Hedgehogs are adorable, spiky, little creatures that will devour anything yummy in its path! These hoggish critters have 44 tiny teeth that allow them to nibble caterpillars, crickets, millipedes, snails, slugs, worms, and everything else that equals dinner.
Not to mention how these critters love to socialize over a fresh small frog or a baby mouse. Now, that’s definitely not a picky eater! While these ravenous eaters will feed on anything, it doesn’t mean you won’t have to consider crafting a good diet for your hedgie once you adopt one.
Seventy percent of a hedgehog’s diet consists of insects and the remaining 30% consists of a wide variety of edible items including fruits and vegetables. Thus, hedgehogs are considered omnivores as they feed on plants and prey on other animals in the wilderness.
To ensure your spiky pals remain hale and hearty for many years, you must mimic this diet.
Best Food for Hedgehogs
1. Cooked lean meat
Our spiky pets are in tip top shape when they are fed a high-protein diet. As you can see, they have incisor teeth that are ready to tear on insects and meat. But unlike their wild and woodland cousins, domesticated hedgehogs such as the African pygmy, the Egyptian long-eared, and the Indian long-eared hedgehogs should be fed cooked highly digestible meat. This includes:
- chicken liver and kidneys
Choose lean meat and cook it without seasonings or oil. Also, dice the meat into tiny pieces so it’s easy for your pet to munch on.
Hiding bits of boiled eggs in various corners for your pet to hunt is a good way to complement your pet’s staple diet as well as encourage exercise. Eggs are an affordable source of high-quality protein.
2. High-protein dry puppy food
A high-protein puppy food also serves as a good alternative to cooked meat, especially when it features a protein and fat ratio of 34% to 15%.
You should always check the small print and look for good quality ingredients. Make sure its primary ingredient is chicken or turkey so it’s easy on your pet’s tummy.
High-quality puppy food may cost three times as much compared to regular dog food but on the bright side, you won’t be stuffing your pet with bulking agents and meat-by-products that could cause diarrhea.
Dry puppy food is also suitable for hedgehogs as their kibble size are small enough for your tiny pet.
3. Canned cat food
Many hedgehog owners prefer moist food than dry food since it’s a cinch to eat. Often times they mix it with bits of meat to supply a higher percentage of protein. However, canned cat food doesn’t supply as much fiber as dry food.
Likewise, a majority of cat food is high in fat so it must be served with caution. Unless your hedgehog has dental problems, you may want to keep alternating dry puppy food with moist cat food. Otherwise, you may need to invest in a brand new wheel for a fat hedgehog.
4. Frozen or canned insects
Live insects such as beetles, grasshoppers, and earthworms are your pet’s favorites. These are the hedgehog equivalent of pizza and fries, so to speak.
Apart from adding variety to your pet’s diet, these insects supply a good amount of chitin, which is a polysaccharide derived from the insects’ exoskeletons.
However, hedgehogs are predisposed to obesity. A majority of the insects that comprise a wild hedgehog’s diet should be given only as treats to a domesticated hedgehog.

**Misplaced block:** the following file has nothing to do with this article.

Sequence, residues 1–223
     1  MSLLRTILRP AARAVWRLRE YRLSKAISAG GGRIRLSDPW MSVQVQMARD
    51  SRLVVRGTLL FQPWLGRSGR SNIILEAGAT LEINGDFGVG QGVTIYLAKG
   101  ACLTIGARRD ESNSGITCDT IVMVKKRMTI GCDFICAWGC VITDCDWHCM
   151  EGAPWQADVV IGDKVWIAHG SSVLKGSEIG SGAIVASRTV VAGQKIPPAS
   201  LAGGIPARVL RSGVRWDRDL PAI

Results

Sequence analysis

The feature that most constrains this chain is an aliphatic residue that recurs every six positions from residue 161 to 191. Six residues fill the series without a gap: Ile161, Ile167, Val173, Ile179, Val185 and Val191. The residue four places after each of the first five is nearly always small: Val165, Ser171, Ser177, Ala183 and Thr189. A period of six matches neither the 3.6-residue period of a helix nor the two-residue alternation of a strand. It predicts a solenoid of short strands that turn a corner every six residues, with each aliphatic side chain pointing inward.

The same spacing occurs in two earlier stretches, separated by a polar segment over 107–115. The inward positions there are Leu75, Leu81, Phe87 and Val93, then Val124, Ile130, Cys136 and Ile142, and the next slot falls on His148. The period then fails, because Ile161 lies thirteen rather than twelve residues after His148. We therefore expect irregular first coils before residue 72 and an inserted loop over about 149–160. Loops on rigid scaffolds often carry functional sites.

Also, don’t catch the insects yourself. Not only is it time-consuming and barely even possible, but it might also carry harmful pathogens. Buy frozen and canned insects from pet shops instead.
5. Fresh fruits and cooked vegetables
A small number of fresh fruits and cooked vegetables are essential to your pet’s diet. Your spiky pet may not like some fruits or vegetables. Thankfully, there is a long list that he can try such as:
- green pepper
Do bear in mind that some fruits such as cherries and bananas contain a lot of sugar. So, it is wise to give your pet these sweet fruits sparingly as it could contribute to diabetes.
Frequently Asked Questions
How does a hedgehog get its food?A: When they hunt for food, hedgehogs produce loud boisterous snuffling sounds similar to a pig’s grunt. As soon as they come around something delicious, they simply grab it using their mouths. The anatomy of the hedgehog’s nose, as well as their exceptional sense of hearing and smell, make it so much easier for these critters to forage food even in low light areas.
How much do you feed a hedgehog?A: Being gluttonous is intrinsic to being a hedgehog, that is why they are predisposed to obesity. But being a domesticated hedgehog doubles the risk. One tablespoon of food twice daily is already enough to keep your pet nourished. Insects, fruits, and vegetables should only serve as an occasional treat. A good time to feed your pet is around twilight, which is a hedgehog’s wake-up time. If you have baby hedgehogs, pregnant or nursing hedgehogs, you may have to keep the food bowl full all the time. Hoglets should always have an unlimited supply of food. If you notice that your hoglets are putting a little too much weight, then start regulating its food consumption and encourage exercise.
What fruits and vegetables can you feed a hedgehog?A: The list of fruits and vegetables that a hedgehog can safely gobble up is innumerable. A few examples include mangoes, papaya, carrots, and broccoli. However, hedgehogs don’t digest vegetables very well so if you serve them vegetables, make sure they are cooked and diced. Avoid starchy vegetables such as corn and potatoes as these foods are hardly possible for a hedgehog to digest. Recent studies have also considered that nuts, seeds, and dried foods could choke your pet. Grapes and raisins are reported to be toxic to hedgehogs. Citrus fruits should also not be given to hedgehogs.